# Trig identities proof

I'm solving a pretty descent trig identity question, but I'm stuck. I'm not going to type out the original question, but here the section that I'm stuck on: sin^4x + cos^4x and here is what I have to prove: 1-2sin^2xcos^2x

I know that I'm really close, I just can't get this section. Any help is much appreciated.

Related Precalculus Mathematics Homework Help News on Phys.org
Show your work and you'll get a lot of help.

To be honest, there is just too much to type out.
To be honest, I don't care. Wait for someone else :)

To be honest, I don't care. Wait for someone else :)
... I would like your help, I just don't know what to type out. Basically, I rearranged the equation using sine and cosine and I ended up with sin^4x + cos^4x/sinxcosx.

What are you trying to do? Make the Left equal the Right?

What are you trying to do? Make the Left equal the Right?
Yes, you're proving that one side equals the other side.

From the first line my next line is:
sin^3x/cos^3x / 1/cos^2x + cos^3x/sin^3x / 1/sin^2x

then, sin^3x/cos^3x x cos^3x / 1/cos^2x x cos^3x + cos^3x/sin^3x x sin^3x / 1/sin^2x x sin^3x

then, sin^4x + cos^4x / sinx x cosx

so, as you can see, I'm stuck. You can't simplify the sum of two even powers, so I have clue what to do next.

Gib Z
Homework Helper
We can simplify $\sin^4 x + \cos^4 x$ quite well actually, stick with what you're trying =]

We CAN simplify any polynomial expression with real coefficients into linear and quadratic terms, or if you don't mind complex coefficients, all linear terms. This is most easily been, and actually directly stated, by the Fundamental Theorem of Algebra, but also can be cleverly seen with a nice application of the conjugate root theorem =] It doesn't matter if you don't understand most of this by the way.

Perhaps you should try completing the square =] ?

the only other thing you need is $$sin^2x + cos^2x = 1$$

tiny-tim
Homework Helper
sin^4x + cos^4x and here is what I have to prove: 1-2sin^2xcos^2x
Hi snooooooooooz! :zzz:

Hint: you know what sin^2x + cos^2x is, don't you?

Well, how can you use that to help with sin^4x + cos^4x? EDIT: Actually, I don't see how you can use completing the square to factor sin^4x + cos^4x.

Last edited:
tiny-tim
Homework Helper
EDIT: Actually, I don't see how you can use completing the square to factor sin^4x + cos^4x.
snooooooooooz, stop trying to factorise it! The object is to simplify it. Use the hint that kamerling and I gave you:
sin^2x + cos^2x = 1​

snooooooooooz, stop trying to factorise it! The object is to simplify it. Use the hint that kamerling and I gave you:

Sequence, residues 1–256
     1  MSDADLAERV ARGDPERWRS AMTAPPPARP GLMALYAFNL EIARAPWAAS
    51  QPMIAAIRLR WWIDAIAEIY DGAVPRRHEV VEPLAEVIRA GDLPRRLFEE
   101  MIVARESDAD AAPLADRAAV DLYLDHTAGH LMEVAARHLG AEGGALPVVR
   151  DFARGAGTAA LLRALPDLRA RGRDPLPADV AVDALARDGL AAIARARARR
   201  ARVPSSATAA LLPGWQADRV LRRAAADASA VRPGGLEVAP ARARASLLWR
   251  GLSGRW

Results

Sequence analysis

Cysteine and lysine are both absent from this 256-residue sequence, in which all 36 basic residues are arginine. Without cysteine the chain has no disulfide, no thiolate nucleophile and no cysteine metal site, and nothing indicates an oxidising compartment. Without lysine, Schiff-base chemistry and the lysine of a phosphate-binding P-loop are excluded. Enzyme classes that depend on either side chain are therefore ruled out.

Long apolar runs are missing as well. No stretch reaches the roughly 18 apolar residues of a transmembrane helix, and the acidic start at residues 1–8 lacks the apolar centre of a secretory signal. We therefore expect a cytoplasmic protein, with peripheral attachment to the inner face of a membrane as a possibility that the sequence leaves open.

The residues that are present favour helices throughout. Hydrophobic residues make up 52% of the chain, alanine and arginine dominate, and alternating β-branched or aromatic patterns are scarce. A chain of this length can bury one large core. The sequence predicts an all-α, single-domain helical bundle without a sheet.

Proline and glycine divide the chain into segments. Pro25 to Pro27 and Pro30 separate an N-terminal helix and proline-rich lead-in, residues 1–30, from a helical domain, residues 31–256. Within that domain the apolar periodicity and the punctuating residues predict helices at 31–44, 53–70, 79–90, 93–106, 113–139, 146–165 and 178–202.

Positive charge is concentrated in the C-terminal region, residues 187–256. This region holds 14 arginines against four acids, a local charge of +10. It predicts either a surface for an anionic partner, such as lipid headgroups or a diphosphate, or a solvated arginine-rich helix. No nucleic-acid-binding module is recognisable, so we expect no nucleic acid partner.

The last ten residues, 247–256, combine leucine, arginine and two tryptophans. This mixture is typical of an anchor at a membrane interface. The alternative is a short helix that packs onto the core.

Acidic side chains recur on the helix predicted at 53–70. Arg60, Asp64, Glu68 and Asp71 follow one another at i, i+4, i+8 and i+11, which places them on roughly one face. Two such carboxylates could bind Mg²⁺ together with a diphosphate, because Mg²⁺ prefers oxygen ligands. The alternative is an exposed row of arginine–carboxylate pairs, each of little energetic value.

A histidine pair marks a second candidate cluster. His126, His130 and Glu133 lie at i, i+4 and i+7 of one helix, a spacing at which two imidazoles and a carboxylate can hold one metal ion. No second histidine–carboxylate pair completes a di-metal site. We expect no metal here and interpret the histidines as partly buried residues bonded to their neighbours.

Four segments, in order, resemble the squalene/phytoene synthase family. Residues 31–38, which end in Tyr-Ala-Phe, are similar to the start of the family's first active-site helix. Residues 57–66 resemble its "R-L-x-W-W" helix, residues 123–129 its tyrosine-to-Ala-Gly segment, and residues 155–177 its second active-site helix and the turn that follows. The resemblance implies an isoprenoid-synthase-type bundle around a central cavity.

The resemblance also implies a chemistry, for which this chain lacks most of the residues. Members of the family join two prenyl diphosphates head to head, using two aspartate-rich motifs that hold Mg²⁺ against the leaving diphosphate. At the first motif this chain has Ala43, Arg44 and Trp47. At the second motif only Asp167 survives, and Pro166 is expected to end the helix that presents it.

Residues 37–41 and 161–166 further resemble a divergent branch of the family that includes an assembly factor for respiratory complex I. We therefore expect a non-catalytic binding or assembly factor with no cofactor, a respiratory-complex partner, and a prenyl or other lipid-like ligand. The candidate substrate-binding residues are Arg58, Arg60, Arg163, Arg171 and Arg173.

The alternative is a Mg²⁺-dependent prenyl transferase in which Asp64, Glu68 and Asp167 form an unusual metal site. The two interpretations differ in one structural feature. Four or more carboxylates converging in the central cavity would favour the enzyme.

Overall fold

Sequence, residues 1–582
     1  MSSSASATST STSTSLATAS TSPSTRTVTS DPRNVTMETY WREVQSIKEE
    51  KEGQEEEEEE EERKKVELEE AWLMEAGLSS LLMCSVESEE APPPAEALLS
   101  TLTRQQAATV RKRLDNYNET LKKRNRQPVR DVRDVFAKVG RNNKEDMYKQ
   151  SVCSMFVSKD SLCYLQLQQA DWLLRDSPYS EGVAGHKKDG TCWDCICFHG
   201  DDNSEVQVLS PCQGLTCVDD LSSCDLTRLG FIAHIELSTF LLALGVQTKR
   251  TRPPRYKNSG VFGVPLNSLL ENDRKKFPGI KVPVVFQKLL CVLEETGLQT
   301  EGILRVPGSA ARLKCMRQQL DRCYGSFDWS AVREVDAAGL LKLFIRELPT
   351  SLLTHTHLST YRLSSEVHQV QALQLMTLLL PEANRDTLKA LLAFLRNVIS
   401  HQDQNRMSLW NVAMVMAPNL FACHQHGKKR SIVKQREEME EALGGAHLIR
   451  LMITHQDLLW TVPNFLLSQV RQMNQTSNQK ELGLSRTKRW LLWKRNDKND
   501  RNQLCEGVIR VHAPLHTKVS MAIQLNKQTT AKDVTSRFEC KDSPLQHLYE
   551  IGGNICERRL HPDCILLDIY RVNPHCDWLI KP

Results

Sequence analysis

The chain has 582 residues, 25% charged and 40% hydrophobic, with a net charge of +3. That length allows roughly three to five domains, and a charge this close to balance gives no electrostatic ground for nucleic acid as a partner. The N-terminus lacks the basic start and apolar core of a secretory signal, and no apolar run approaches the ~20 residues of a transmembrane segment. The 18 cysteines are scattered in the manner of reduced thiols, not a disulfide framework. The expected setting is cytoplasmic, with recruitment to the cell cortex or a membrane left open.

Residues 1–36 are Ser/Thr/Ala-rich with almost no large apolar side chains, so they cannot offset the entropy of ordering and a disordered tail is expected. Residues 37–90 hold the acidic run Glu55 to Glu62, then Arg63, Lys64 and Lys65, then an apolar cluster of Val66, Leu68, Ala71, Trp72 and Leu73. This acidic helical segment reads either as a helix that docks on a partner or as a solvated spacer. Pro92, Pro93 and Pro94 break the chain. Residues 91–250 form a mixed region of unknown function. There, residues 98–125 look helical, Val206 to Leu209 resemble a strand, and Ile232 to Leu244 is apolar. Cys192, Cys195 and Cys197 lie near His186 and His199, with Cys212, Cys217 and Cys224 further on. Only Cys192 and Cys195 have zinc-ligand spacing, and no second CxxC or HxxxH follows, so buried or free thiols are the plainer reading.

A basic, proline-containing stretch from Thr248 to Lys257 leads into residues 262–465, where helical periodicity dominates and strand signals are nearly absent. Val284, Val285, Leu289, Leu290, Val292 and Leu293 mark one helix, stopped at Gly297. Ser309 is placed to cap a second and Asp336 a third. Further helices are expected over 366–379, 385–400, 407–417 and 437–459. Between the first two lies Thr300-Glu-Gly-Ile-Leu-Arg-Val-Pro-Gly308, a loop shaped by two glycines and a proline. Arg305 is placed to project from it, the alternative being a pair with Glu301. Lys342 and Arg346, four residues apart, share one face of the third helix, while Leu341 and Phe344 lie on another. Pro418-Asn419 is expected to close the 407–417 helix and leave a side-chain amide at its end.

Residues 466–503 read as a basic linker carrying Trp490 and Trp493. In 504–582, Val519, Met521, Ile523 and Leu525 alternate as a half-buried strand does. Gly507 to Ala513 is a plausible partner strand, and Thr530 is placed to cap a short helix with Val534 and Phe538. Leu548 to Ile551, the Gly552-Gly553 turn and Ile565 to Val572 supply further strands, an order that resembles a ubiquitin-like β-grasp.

sin^2x + cos^2x = 1​
ok so if I take sin^2x + cos^2x out of sin^4+cos^4x that means I'm left with sin^2x + cos^2x. Since sin^2x + cos^2x = 1 and cos^2x = 1-sin^2x there is NO cos^2x at the end to multiply by. There is no way I can see how sin^4x + cos^4x can equal 1-2sin^2x cos^2x

try to write both expressions using just $$sin^2x$$

tiny-tim
Homework Helper
… BIG hint …

Hint: what is (sin^2x + cos^2x)^2 ? Hint: what is (sin^2x + cos^2x)^2 ? ok.. so my next line is: $$1$$ x $$sin^2x +cos^2x$$?

tiny-tim
Homework Helper
No!!

Your next line is: (sin^2x + cos^2x) x (sin^2x + cos^2x)

No!!

Your next line is: (sin^2x + cos^2x) x (sin^2x + cos^2x)
But if you foil that out you get sin^4x + sin^2xcos^2x + cos^2xsin^2x + cos^4x.

So I got $$sin^4x +2sin^2xcos^2x + cos^4x$$. How would drop the $$sin^4x$$ and $$cos^4x$$ to make that into a 1-?

tiny-tim
Homework Helper
But if you foil that out you get sin^4x + sin^2xcos^2x + cos^2xsin^2x + cos^4x.
(what's "foil"?)

Yes! Or, slightly simpler: sin^4x + cos^4x + 2sin^2xcos^2x.

So sin^4x + cos^4x + 2sin^2xcos^2x = … ? (what's "foil"?)

Yes! Or, slightly simpler: sin^4x + cos^4x + 2sin^2xcos^2x.

So sin^4x + cos^4x + 2sin^2xcos^2x = … ? Sorry, "foil" is distributive property. I'm just going to assume that sin^4x + cos^4x = 1- but how?

tiny-tim
Homework Helper
I'm just going to assume that sin^4x + cos^4x = 1- but how?
Because 1 = (sin^2x + cos^2x)^2 = sin^4x + cos^4x + 2sin^2xcos^2x;

so sin^4x + cos^4x = 1 - 2sin^2xcos^2x. So your next line is … ?

Because 1 = (sin^2x + cos^2x)^2 = sin^4x + cos^4x + 2sin^2xcos^2x;

so sin^4x + cos^4x = 1 - 2sin^2xcos^2x. So your next line is … ?
but where did the negative come from?

tiny-tim
Homework Helper
but where did the negative come from?
ah! algebra difficulties!

hmm … if 1 = A + B + C, then A + B = 1 - C. Yes? No? You have to be able to do these!

If you just let: sin2x = a
and: cos2x = b

then,
a2 = sin4
and
b2 = cos4

thus,
a2 + b2 + 2ab = (a + b)2

or, a2 + b2 + 2ab - 2ab = (a + b)2 - 2ab

or, a2 + b2 = (a + b)2 - 2ab

then what?